August 16, 1777

     In the summer of 1777, a British army under John Burgoyne advanced south down Lake Champlain and the Hudson River valley in order to split the rebellious colonies in half.  On August 11th, an 800 man raiding party under German Lt. Col. Baum left Fort Miller on the Hudson River bound for the Connecticut River Valley.  There they hoped to get horses and food and recruit Tories.  Baum met his first resistance on August 13th and settled down in a position near Bennington on the 15th to request reinforcements from Burgoyne.  His force was dispersed but he had field fortifications along the Walloomsac River and on a hill to the north (Baum's redoubt).

Bronze Relief Map

     Col. John Stark's American force of 1,800 men was in the area, and after the rain ended on August 16th, Stark resolved to defeat Baum or die trying.  His complicated plan for a double envelopment  was unlikely to succeed, but Baum had spread his forces thin.  Visible on the bottom of the picture, Col. Herrick led a force from the south on the British rear guard on the Walloomsac River.  Herrick succeeded and continued toward Baum's redoubt.  An American force of 200 to 300 men under Col. Moses Nichols, barely visible on the top of the picture, came in from the north and attacked Baum's hilltop redoubt.  The pro-British Indians fled, leaving Baum's dismounted dragoons to fend for themselves.

     Sounds from the attacks on the redoubt and on the British rear guard signaled Stark with his 1,200 men to attack the fortified Tory camp along the river.  The Tories fled, leaving only Baum in his redoubt.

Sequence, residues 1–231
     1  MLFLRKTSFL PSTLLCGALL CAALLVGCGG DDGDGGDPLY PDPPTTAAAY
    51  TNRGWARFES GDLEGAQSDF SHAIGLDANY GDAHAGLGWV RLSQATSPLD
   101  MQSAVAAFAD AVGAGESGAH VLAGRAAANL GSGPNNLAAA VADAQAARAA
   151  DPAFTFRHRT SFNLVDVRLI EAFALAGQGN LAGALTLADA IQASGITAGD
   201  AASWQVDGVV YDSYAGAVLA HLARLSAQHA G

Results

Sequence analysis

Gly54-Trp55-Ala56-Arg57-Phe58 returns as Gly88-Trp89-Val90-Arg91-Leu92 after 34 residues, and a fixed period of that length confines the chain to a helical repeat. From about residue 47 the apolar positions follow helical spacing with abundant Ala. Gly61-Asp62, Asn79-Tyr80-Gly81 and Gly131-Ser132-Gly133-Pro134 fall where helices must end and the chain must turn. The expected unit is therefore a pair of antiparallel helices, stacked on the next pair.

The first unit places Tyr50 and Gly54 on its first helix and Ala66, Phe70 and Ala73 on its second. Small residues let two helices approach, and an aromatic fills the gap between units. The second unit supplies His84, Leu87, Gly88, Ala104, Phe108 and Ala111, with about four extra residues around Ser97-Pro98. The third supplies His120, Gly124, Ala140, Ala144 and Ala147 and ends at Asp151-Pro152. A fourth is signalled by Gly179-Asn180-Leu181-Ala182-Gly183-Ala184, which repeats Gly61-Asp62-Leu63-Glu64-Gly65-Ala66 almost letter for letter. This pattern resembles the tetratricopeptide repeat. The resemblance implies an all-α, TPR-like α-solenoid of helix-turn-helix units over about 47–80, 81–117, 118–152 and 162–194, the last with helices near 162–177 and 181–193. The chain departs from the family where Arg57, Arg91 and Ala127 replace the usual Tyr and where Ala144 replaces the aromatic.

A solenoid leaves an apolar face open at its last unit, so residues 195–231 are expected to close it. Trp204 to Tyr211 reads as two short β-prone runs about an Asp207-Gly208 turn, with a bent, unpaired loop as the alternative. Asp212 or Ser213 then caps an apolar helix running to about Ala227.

From Baum's Redoubt

     Here at Baum's redoubt, the dragoons ran out of ammunition and tried to breakout with their swords.  But when Baum was hit, his men gave up.  This is the view looking south from the location of Baum's redoubt.  The other actions took place in the valley below.

     A relief column under Col. Breymann arrived soon after the fighting, but it was too late to save Baum.  Despite their disorganization, the Americans managed to rout Breymann.  This action took place off the picture to the right.

     The British lost 200 dead and 700 captured in the battle compared to only 70 total American casualties.  The total victory over the British force was a very impressive achievement and dealt a significant blow to Burgoyne's army, helping make his surrender at Saratoga possible.  Bennington was the first indication that Burgoyne was in deep trouble, and his surrender two months later made American independence possible.

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